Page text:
The IOAC interim report notes that WHO responded more quickly than in previous emergencies and “demonstrated leadership and has made important progress in its COVID-19 response.” The report also provides recommendations for WHO and Member States on how to improve the COVID-19 response.

WHO welcomes the committee’s report, which is part of existing mechanisms to review WHO’s work and ensure a constant feedback loop to improve performance.

 

Every country and every organization must examine its response and learn from its experience. WHO is committed to transparency, accountability and continuous improvement. ? https://t.co/gxDtzzu7Yk#COVID19pic.twitter.com/JcM73Qu5ZR

— World Health Organization May 20, 2020

 

Major Relief Airlift Will Bring Vital Medical Supplies To All African Nations

14 April 2020 

Today the first United Nations “Solidarity Flight” departed from Addis Ababa, Ethiopia. From there, vital medical cargo will be transported to all countries in Africa, where supplies are desperately needed to contain the spread of COVID-19.

WHO cargo is being transported by the World Food Programme , and includes a large quantity of medical supplies donated by Ethiopian Prime Minister Abiy Ahmed and the Jack Ma Foundation Initiative to reverse COVID-19 in Africa. The African Union, through the Africa Centres for Disease Control and Prevention , is providing technical support and coordination for the distribution of the supplies.

The crucial WHO cargo includes laboratory supplies to support surveillance and detection, one million face masks, and enough personal protective equipment to enable health workers to care for more than 30 000 patients across the continent.

The Government of the United Arab Emirates generously supported this operation, with WHO’s regional logistics hub in Dubai playing a key role in making sure the supplies are prepared and shipped to where they are most needed.

 

Very glad to share this news: today, the 1st @UN solidarity flight departs Addis Ababa, ?? carrying vital #COVID19 medical supplies to all African nations.The Solidarity Flight is part of a larger effort to ship lifesaving medical supplies to 95 countries https://t.co/IRPiOP4fg6pic.twitter.com/1hTD1XBOjh

— Tedros Adhanom Ghebreyesus April 14, 2020

 

The European Union Pressured By China Watered Down A Report On Disinformation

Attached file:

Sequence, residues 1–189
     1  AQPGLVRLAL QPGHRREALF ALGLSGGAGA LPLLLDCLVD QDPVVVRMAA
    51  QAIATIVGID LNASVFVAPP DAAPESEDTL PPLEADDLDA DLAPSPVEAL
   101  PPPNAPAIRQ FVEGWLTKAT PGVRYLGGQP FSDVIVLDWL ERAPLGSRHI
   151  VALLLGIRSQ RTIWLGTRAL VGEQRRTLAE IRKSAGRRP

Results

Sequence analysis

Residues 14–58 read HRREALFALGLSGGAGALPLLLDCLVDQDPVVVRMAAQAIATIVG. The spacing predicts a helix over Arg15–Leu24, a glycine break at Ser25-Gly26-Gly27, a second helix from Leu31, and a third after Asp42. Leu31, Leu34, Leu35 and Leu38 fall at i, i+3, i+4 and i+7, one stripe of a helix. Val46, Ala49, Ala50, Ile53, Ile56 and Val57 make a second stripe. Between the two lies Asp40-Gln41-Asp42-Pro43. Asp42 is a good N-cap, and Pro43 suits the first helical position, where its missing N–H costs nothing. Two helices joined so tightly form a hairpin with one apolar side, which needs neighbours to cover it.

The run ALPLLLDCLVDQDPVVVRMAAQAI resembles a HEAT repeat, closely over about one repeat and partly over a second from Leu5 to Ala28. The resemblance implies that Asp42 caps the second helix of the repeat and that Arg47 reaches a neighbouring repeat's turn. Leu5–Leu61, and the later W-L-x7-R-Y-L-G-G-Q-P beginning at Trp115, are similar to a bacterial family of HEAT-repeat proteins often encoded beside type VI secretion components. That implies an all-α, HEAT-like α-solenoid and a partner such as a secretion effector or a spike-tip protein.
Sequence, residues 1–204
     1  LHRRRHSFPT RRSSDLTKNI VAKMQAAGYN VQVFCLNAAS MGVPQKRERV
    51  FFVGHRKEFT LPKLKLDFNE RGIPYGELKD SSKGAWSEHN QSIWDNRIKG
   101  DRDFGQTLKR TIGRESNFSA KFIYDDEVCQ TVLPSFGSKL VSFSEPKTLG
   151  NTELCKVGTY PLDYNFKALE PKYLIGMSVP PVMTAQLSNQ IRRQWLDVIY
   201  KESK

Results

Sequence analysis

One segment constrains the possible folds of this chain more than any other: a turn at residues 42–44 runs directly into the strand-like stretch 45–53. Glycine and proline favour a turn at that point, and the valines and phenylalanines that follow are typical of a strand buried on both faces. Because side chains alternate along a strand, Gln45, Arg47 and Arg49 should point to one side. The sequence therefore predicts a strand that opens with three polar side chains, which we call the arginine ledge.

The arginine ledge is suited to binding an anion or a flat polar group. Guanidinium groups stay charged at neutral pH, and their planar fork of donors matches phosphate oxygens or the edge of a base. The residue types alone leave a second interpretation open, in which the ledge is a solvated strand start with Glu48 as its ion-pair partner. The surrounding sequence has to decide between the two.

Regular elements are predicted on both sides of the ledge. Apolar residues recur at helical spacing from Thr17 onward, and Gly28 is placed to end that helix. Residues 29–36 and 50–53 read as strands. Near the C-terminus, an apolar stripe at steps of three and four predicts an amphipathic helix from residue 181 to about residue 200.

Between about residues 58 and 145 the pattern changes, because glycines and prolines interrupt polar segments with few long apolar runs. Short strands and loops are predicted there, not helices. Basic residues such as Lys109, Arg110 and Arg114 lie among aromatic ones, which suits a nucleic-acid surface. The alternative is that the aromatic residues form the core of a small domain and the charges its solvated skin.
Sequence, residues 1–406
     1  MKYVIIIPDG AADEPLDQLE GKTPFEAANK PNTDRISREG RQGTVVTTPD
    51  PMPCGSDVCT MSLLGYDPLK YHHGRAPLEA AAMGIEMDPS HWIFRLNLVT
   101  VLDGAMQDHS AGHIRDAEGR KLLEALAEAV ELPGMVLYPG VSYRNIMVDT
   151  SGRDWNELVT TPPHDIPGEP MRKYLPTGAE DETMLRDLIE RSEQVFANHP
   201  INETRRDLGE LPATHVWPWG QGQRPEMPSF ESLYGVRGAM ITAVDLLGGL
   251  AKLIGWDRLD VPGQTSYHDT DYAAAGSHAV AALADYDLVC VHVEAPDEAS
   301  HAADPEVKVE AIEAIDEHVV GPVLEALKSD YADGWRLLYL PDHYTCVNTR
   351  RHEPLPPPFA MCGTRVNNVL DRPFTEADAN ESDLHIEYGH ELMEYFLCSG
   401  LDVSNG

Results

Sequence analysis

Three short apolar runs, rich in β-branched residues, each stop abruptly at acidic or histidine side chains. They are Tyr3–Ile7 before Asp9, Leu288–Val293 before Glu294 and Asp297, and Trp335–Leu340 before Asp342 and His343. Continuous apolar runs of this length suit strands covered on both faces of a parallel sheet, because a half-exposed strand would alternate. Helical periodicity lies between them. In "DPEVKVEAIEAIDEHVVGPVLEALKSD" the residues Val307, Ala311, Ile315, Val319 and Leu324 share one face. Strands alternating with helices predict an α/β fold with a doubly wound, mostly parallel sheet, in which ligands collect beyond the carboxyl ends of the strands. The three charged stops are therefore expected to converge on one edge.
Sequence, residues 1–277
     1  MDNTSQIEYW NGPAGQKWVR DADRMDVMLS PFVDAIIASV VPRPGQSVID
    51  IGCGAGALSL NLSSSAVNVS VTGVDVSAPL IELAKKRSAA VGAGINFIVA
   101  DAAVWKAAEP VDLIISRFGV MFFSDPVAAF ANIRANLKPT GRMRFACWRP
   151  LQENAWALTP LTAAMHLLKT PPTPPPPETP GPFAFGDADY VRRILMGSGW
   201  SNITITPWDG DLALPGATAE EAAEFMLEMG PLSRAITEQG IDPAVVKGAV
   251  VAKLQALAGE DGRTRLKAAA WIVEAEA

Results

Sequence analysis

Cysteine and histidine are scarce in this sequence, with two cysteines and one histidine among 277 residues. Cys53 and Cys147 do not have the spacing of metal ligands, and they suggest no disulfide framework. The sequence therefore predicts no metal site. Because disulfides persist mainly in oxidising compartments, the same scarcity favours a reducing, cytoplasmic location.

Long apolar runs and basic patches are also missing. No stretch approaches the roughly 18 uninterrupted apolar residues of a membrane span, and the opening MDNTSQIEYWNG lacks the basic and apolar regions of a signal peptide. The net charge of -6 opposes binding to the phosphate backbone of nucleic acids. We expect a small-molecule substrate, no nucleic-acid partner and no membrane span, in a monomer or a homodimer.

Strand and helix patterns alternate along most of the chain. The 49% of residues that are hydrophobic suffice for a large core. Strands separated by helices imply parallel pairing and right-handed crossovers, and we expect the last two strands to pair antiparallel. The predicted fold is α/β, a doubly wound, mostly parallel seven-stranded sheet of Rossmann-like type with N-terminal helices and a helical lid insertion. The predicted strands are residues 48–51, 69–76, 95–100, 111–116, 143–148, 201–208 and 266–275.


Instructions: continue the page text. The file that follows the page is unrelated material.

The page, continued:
The E.U. appeared to succumb to pressure from Beijing and softened criticism of China in a report on disinformation about the coronavirus pandemic. While the initial report was not particularly harsh, European officials delayed and then rewrote the document to dilute the focus on China, a vital trading partner.

April 26

Wuhan A City Of More Than 11 Million Was Cut Off By The Chinese Authorities

The Chinese authorities closed off Wuhan by canceling planes and trains leaving the city, and suspending buses, subways and ferries within it. At this point, at least 17 people had died and more than 570 others had been infected, including in Taiwan, Japan, Thailand, South Korea and the United States.

Jan. 30

The Global Outbreak Alert And Response Network Marks Its 20th Anniversary

Ontario

28 April 2020 

Fully engaged in the ongoing COVID-19 pandemic, GOARN partners are commemorating the anniversary by sharing their COVID-19 response activities internationally and nationally to raise awareness of the value of this collaborative model, particularly when every nation faces the same health threat at the same time.

GOARN is supporting the COVID-19 pandemic response through the deployment of experts to support teams in countries and for high-level assessment missions, remote access to expert advice to inform outbreak risk assessments and operational planning, addressing research gaps, the development of innovative tools and much more.

 

GOARN is marking this day by sharing examples of its response activities to show the value of this collaborative model. It is fully engaged in the #COVID19 response. More information: https://t.co/SYXTA0uiin#GOARN2020pic.twitter.com/rEda0dmhkZ

— World Health Organization April 28, 2020

 

Who Collaborates With Wto On Resolving Disruption To Global Supply Chains

20 April 2020 

WHO and the World Trade Organization are collaborating to secure vital medical supply lines – ensuring normal cross-border flows and resolving unnecessary disruptions to global supply chains. 

In a joint statement, WHO and WTO called on Members to continue to ensure that health technologies – including diagnostics, medicines, vaccines and supplies vital to treating COVID-19 patients – reach those in need quickly.

 

Global action, solidarity and international cooperation are more necessary than ever to address the #COVID19 pandemic. @WHO and @wto are working together to play their part. Solidarity! https://t.co/gR45xCjKHV

— Tedros Adhanom Ghebreyesus April 20, 2020